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Does BP Have a Comfortable Debt Position?

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BP’s debt position compared to its peers’

In this article, we’ll review BP’s (BP) debt position. Let’s start by looking at its debt position compared to its peers’.

BP’s total debt-to-capital ratio stood at 38% in the third quarter, higher than the industry average of 32%. The industry average considers 13 integrated energy companies worldwide. ExxonMobil (XOM), Royal Dutch Shell (RDS.A), and Chevron’s (CVX) ratios stood at 17%, 28%, and 19%, respectively, in the quarter.

Another parameter with which we can compare debt is the net debt-to-adjusted EBITDA ratio. BP’s net debt-to-adjusted EBITDA ratio stood at 1.1x in the third quarter, below the average industry ratio of 1.2x.

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BP’s net debt-to-adjusted EBITDA trend

BP’s net debt-to-adjusted EBITDA ratio fell from 1.5x in the third quarter of 2017 to 1.1x in the third quarter of 2018. BP’s net debt fell 4.5% year-over-year to $38.0 billion in the third quarter due to a fall in its total debt coupled with a rise in its cash and equivalents. From the third quarter of 2017 to the third quarter of 2018, its adjusted trailing-12-month EBITDA rose.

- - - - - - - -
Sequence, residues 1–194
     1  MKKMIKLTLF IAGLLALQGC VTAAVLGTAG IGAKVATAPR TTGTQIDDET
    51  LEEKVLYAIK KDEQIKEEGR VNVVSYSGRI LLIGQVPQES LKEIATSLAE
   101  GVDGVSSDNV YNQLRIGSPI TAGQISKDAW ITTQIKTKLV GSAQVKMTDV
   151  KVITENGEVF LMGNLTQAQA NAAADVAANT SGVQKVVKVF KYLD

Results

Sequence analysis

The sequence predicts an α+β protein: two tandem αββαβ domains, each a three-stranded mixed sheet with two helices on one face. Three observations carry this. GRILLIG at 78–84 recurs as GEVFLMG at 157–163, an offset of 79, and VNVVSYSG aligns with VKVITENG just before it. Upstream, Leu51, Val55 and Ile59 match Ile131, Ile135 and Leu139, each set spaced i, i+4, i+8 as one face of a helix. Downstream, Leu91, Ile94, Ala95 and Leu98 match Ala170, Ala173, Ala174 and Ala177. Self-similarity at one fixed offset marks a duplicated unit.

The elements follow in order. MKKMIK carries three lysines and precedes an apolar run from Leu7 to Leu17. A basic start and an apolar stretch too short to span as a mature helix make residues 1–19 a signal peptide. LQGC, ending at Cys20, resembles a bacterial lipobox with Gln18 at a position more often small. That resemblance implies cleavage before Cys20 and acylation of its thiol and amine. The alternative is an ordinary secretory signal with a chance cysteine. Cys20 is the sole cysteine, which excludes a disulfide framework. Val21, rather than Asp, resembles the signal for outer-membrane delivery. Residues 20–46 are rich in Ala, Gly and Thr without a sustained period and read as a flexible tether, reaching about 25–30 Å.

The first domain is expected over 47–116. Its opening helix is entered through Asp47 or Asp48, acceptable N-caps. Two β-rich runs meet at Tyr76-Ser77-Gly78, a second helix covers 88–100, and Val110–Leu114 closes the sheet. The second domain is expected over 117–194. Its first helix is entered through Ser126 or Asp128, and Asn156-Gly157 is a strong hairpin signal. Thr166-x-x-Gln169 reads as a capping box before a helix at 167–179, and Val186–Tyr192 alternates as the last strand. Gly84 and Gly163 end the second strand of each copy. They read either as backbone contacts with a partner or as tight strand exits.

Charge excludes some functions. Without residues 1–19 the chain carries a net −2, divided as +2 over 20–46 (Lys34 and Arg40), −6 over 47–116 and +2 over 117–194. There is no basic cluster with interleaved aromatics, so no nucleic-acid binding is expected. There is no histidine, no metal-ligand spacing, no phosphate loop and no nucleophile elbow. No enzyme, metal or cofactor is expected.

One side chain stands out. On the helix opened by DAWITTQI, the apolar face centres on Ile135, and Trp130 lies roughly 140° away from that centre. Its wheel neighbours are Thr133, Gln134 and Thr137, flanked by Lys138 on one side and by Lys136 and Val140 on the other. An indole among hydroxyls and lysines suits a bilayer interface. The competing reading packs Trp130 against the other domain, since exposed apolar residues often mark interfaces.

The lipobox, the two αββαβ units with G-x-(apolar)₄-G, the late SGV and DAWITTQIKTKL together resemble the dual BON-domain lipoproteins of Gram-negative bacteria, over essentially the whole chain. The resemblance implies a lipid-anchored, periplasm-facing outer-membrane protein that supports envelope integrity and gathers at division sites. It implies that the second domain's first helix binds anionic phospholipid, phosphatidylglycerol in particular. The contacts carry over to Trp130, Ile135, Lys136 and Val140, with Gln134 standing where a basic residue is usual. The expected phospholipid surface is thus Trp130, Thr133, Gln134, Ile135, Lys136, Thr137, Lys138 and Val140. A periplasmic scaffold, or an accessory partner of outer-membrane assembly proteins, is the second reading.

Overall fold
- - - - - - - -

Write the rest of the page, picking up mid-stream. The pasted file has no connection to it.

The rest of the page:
A rise in EBITDA coupled with fall in net debt led to a decline in the company’s net debt-to-adjusted EBITDA ratio.

So, what does a debt analysis reveal?

BP’s net debt-to-adjusted EBITDA ratio stood below the industry average. The fall in its net debt-to-adjusted EBITDA ratio was also a positive sign, as it showed an improvement in the company’s debt position. Still, BP needs to cover more ground to reach a comfortable place.

To be specific, BP’s total debt-to-capital ratio still stands above the average, showing that the company has higher debt in its capital structure than its peers—meaning its peers are better placed to handle tough times. Thus, BP will have to focus on reducing its total debt level, a key factor that investors will monitor closely.

In the next and final article, we’ll look at BP’s cash flow position.

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